N Cape solar projects steaming ahead


28 August 2013

Spanish renewable energy group Abengoa has completed construction of the tower section of South Africa’s first concentrating solar power (CSP) plant, one of three such plants under development in the semi-desert Northern Cape province that will together add 200 megawatts (MW) of renewable energy to the country’s national grid.

Abengoa is one of 28 independent power producers that signed contracts with the South African government late last year, in the first round of a programme that will see an initial 1 400 MW of renewable energy being added to SA’s energy mix, while bringing an estimated R47-billion in new investment into the country.

The Department of Energy aims to bring 17 800 MW from renewable sources online by 2030.

Abengoa, in partnership with the state-owned Industrial Development Corporation (IDC) and community trusts in Upington and Pofadder, is building Khi Solar One, a 50 MW solar tower plant near Upington, and KaXu Solar One, a 100 MW parabolic trough solar plant near Pofadder.


Investment of over R10-billion


According to the Southern Africa Solar Thermal and Electricity Association (Sastela), the two power stations will leverage investment of over R10-billion, and together will generate almost 500 GWh per year of clean solar electricity.

On Monday, representatives of the government, the IDC and the Khi Community Trust attended a flag-raising event to mark the completion of the 205-metre tall tower of Khi Solar One.

Abengoa, who will build, operate and maintain the two solar plants, owns a controlling 51% of the projects, with the IDC owning 29% and community trusts owning the remaining 20%.

According to Abengoa, the two plants will reduce South Africa’s carbon dioxide emissions by about 498 000 tons a year, while creating between 1 400 and 2 000 construction jobs and about 70 permanent operation jobs, as well as numerous indirect jobs to fulfill the needs required by the plant and its construction.

“South Africa has one of the best solar resources in the world, with great potential to be a leader in concentrating solar power generation,” the company said when construction on the plants commenced in November.

Abengoa said on Monday that Khi Solar One represented an important technological advance in CSP tower efficiency “by using higher temperatures and an innovative dry cooling system”, meaning it will use a fraction of the water consumed by wet-cooled power stations.

Both Khi Solar One and KaXu Solar One will have facilities for storing steam, enabling them to provide electricity for up to three hours when the sun is not shining – including during peak demand periods.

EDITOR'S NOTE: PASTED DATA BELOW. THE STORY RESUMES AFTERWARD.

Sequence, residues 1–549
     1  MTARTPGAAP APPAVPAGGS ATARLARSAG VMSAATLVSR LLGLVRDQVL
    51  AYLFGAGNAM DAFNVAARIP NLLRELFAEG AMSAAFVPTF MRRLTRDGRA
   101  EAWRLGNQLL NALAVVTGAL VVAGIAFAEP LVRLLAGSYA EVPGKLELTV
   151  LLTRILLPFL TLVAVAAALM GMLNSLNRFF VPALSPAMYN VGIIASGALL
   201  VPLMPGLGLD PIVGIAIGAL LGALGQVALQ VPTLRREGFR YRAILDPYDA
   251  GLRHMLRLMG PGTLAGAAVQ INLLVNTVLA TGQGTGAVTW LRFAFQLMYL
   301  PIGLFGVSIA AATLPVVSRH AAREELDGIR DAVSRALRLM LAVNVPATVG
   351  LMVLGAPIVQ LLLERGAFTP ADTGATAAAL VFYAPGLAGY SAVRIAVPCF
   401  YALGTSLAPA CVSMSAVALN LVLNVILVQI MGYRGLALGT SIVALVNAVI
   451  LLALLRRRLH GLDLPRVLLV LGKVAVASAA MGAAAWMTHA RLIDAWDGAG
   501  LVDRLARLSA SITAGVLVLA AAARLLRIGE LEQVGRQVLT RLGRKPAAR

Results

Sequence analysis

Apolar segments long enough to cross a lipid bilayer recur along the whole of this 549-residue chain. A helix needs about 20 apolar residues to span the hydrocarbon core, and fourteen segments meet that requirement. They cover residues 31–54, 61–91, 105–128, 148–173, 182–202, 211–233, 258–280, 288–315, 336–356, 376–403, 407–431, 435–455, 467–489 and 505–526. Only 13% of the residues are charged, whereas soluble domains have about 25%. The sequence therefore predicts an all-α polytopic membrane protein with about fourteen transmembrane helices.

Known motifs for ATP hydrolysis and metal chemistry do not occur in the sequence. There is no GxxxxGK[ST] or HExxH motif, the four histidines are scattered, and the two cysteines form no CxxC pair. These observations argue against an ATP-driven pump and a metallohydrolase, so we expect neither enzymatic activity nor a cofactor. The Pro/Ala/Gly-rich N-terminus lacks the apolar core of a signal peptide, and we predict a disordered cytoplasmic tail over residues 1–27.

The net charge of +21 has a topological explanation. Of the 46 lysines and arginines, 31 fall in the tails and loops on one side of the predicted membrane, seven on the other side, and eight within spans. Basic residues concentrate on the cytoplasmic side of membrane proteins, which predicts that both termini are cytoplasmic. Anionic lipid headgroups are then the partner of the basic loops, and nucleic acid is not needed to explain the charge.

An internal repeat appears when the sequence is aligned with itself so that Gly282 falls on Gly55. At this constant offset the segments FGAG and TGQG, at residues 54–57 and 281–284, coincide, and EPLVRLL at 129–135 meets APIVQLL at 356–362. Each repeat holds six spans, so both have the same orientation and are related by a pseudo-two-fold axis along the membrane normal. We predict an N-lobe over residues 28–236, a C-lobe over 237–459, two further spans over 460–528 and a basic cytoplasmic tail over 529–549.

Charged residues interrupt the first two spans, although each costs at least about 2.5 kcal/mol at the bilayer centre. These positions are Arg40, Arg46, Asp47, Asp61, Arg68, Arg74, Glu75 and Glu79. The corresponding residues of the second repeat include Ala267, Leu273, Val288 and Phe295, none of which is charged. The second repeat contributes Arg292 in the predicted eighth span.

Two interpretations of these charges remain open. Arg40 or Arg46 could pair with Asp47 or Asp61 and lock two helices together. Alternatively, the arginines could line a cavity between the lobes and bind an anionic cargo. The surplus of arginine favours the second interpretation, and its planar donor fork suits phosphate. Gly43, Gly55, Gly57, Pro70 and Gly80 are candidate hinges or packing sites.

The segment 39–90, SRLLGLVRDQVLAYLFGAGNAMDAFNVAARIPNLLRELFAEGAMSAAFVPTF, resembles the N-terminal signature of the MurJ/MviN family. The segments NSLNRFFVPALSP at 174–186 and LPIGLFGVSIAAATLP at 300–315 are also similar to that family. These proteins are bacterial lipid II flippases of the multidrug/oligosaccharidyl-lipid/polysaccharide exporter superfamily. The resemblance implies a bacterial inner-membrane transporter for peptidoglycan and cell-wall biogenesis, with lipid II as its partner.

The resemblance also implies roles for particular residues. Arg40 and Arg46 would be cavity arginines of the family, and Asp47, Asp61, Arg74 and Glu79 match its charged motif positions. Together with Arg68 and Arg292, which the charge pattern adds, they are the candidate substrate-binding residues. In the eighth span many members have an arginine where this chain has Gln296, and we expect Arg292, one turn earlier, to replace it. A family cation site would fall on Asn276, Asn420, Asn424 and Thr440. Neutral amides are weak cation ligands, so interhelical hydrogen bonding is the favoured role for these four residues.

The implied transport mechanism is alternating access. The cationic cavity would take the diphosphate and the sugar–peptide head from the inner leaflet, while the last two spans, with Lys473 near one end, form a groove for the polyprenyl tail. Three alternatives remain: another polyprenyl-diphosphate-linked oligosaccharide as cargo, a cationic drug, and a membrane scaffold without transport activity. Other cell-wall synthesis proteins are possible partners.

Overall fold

Bokpoort CSP power station


The third CSP plant under construction in the Northern Cape, the 50 MW Bokpoort CSP power station near the town of Groblershoop, about 100 kilometres south-east of Upington, is still more ambitious in its storage plans.

The Bokpoort plant is being developed by a consortium led by Saudi Arabian company Acwa Power International, and was the only CSP project of the 19 projects selected by the Department of Energy for the second window of the country’s renewable energy programme for independent power producers.

Annoucing the start of construction on the R4.5-billion project earlier this month, Acwa Power said Bokpoort would be equipped with the largest thermal storage adopted to date for a solar power plant of this class and capacity.

“The plant thermal storage capacity will be 9.3 hours, enabling it to yield a record-high generation in excess of 200 GWh/year well into the night every day throughout the year,” Acwa Power said in a statement.


‘CSP is a base load technology’


“This makes CSP the only renewable technology at commercial scale to cover the country’s daily peak demand from 5 to 9pm, thereby helping to prevent power blackouts.”

Of the 18 900 MW of renewable energy made allowance for in the government’s Integrated Resource Plan, a 20-year projection on electricity supply and demand, only 1 200 MW is allocated to concentrating solar power. Wind energy has been allocated 9 200 MW and solar photovoltaic (PV) 8 400 MW.

The Southern Africa Solar Thermal Energy and Electricity Association (Sastela), which represents the CSP industry, argues that CSP’s ability to provide peak demand electricity gives it the edge over wind and PV, which are restricted by natural and weather conditions.

Michael Goldblatt, a director of Solafrica, which is part of the consortium developing the Bokpoort plant, told Satela recently: “We see development of the Bokpoort plant as an opportunity to prove that CSP is a base load technology … We have designed Bokpoort to be as close as you can get to a base load power station, with the ability to generate electricity virtually 24 hours a day.”

According to Acwa Power, the Bokpoort plant will reduce South Africa’s carbon dioxide emissions by about 230 000 tons a year, while creating 900 jobs during peak construction and 60 permanent jobs once the plant comes on line, and involving South African companies with previously disadvantaged community participation in plant construction, operation and maintenance.

Other members of the consortium developing Bokpoort are the Public Investment Corporation of SA (representing the Government Employees Pension Fund), Lereko Solafrica Investment, Lereko Metier Solafrica Fund 1, Lereko Metier Sustainable Capital Fund, Kurisani Solafrica Investments (representing NGO Lovelife) and Solafrica Community Investment Company.

SAinfo reporter